Political Institutions

Maghreb Report

News article cites survey stating 83 percent of Algerians said they are either not interested or not at all interested in politics due to their expectation that the army will select the winner. Read full article at Morocco on the Move.

Public Trust in Arab Armies

Recent wars in Iraq, Libya, Syria, and Yemen have helped push regional defense spending—already the highest in the world—to new heights. Led by the oil-rich monarchies of the Persian Gulf, enormous new weapons acquisitions pushed military spending in the Middle East to 6 percent of GDP in 2016, compared to the global average of just 2.2 percent. While the military’s…

Arab Citizens Are Disenchanted with Politics

Across the Middle East and North Africa, citizens have become disenchanted with politics and government, according to a new report on civic engagement from the Arab Barometer, an independent research network that includes Arab universities and seeks to gauge Arab public opinion. Fifty percent of Arabs feel they have a guaranteed right to protest and two thirds believe they can…

Spineless: The Real Meaning of Smoothing-Over Khashoggi’s Murder

…Mr. Khashoggi’s words were echoed by prominent journalist and political analyst Rami Khouri. “We are heading to the law of the jungle if big power and Mideast state autocracy is not held accountable,” Mr. Khouri said. In a similar vein, a survey by the Arab Barometer survey concluded that public institutions in the Arab world, including the judiciary enjoyed little,…

No Taxation without Representation? On Tax Reforms in Jordan

…Secondly, the government should fight corruption, tax avoidance (which according to the Income and Sales Tax Department in 2016 cost the budget JD 3 billion), mismanagement, and cronyism to make Jordanians feel their taxes are being put to a good use. One study, conducted by the University of Jordan Strategic Studies Center and NAMA Consultants, argues that only 35% of…

Exploring Support for Democracy Across the Globe

This report is the first comprehensive analysis on the state of support for democracy across the globe using data from the Global Barometer Surveys. The focus is on support for democracy both because democracy is at the core of the GBS surveys, and because, as a political system, it is currently facing an uphill battle to defend its legitimacy. By exploring the state of support for democracy…

What Money Can’t Buy: Wealth, Inequality, and Economic Satisfaction in the Rentier State

How do perceived inequalities in allocation impact citizen satisfaction with state-distributed benefits in rentier societies? Resource-rich rentier regimes are widely theorized to maintain the economic and political satisfaction of subjects through wealth distribution. Yet, while qualitative research in the rentier states of the Arabian Peninsula has identified unequal distribution as a source of discontent, the relative importance of objective versus…

Tunisia’s first post-uprisings local elections are Sunday. Can they bolster citizens’ belief in governance?

…. What voters want Economic justice was a central demand of the 2011 uprising, and public opinion data from the Arab Barometer collected in 2011, 2013 and 2015demonstrate that the economy remains at the forefront of Tunisians’ minds. When asked, “What are the most two important challenges your country is facing today?” nearly 75 percent of respondents listed the economic…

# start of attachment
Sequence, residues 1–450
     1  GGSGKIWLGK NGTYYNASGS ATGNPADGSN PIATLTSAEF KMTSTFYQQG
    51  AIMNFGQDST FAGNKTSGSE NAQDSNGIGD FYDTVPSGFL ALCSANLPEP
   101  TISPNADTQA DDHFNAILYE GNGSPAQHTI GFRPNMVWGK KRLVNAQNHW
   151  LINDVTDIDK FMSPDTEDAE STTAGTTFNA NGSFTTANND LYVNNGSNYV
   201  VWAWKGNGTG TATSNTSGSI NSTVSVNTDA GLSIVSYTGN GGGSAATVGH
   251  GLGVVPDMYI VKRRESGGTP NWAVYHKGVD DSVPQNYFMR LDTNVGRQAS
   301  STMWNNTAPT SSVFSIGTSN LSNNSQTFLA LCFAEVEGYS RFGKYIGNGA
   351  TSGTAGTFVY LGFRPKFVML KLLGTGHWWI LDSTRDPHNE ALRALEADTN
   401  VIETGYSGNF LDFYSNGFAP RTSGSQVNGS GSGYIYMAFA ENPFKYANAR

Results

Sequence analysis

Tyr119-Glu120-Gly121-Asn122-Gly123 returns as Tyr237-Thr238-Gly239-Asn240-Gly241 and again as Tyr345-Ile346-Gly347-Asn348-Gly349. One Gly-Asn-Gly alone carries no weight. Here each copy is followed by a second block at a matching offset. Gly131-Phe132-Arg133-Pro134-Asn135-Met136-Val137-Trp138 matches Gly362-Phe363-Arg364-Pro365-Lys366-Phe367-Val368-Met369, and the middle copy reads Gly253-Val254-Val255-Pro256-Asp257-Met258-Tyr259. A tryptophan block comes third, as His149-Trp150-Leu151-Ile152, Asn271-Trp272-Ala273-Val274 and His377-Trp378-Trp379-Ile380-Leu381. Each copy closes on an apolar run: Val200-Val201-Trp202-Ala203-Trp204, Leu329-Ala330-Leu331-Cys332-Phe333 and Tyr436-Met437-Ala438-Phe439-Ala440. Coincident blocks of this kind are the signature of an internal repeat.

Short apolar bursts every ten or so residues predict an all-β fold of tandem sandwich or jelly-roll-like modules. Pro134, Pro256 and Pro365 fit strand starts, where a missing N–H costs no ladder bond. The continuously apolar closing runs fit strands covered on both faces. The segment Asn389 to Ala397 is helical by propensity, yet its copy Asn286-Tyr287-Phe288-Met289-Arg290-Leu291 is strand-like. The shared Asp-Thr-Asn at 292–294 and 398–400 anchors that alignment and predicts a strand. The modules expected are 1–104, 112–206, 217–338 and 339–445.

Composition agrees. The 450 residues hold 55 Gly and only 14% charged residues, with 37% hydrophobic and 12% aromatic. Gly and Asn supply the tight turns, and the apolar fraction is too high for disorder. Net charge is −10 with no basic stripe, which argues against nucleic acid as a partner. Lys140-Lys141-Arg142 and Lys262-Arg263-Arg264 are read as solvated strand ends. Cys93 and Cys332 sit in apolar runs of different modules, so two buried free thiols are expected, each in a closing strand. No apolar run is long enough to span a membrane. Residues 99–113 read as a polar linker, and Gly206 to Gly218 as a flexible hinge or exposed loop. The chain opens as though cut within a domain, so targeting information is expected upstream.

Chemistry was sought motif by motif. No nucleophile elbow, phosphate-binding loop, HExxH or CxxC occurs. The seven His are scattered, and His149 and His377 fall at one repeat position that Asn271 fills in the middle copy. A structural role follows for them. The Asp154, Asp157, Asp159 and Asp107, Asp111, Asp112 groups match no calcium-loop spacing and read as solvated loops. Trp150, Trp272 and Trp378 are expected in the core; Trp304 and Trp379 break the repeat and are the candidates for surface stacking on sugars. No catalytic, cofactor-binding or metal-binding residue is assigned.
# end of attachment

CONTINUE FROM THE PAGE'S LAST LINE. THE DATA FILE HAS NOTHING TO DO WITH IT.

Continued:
Review of Islam and Politics in the Middle East: Explaining the Views of Ordinary Citizens by Mark Tessler

Mark A. Tessler is a prominent political scientist, Samuel J. Eldersveld Collegiate Professor at the University of Michigan, who has worked on comparative politics, International Relations and world politics for more than forty-five years. His works have been translated into French and Persian. He is probably the leading authority on public opinion in the Middle East, and has published numerous…

Lebanon’s political system leads to paralysis and corruption

“IT is difficult to escape the grip of religion in Lebanon. The rules that govern marriage, property rights and inheritance are administered by religious courts. Well-to-do secular Lebanese can fly to Cyprus to marry in civil ceremonies. But once back home, if their relationship goes sour, Muslims still have to deal with religious judges, who rule on divorce, alimony and…

Al-Sisi poised for empty victory in Egypt as signs of unrest grow across the region

“Egyptians are voting in presidential elections on March 26-28. Abdel Fattah al-Sisi, who grabbed power in 2013, is set to win another term by a landslide. Yet this is far from a sign of strength: opposition candidates have been silenced, and even pro-government media are being purged of the slightest undertone of dissent. Al-Sisi’s grip on power may appear firm,…

Borrowing Time: Rents and Reform in Saudi Arabia

One of the most ambitious, well-defined reform plans in the region for reigning in state obligations to citizens while boosting private-sector development is Saudi Vision 2030, a program of economic and social (but not political) change headlined by the Kingdom’s much-profiled Crown Prince Muhammad bin Salman. While the Kingdom does not presently face the breakdown in public order or empty…

Who Benefits from Consociationalism? Religious Disparities in Lebanon’s Political System

This study examines the extent to which confessional identities in Lebanon are responsible for shaping individual views toward their government. Specifically, I investigate disparities between religious groups in their perceptions of democracy and democratic principles as applied in Lebanon. Using nationally representative data from the Arab Barometer’s survey of Lebanon, I find that when compared to Maronite Catholics, Druze, and…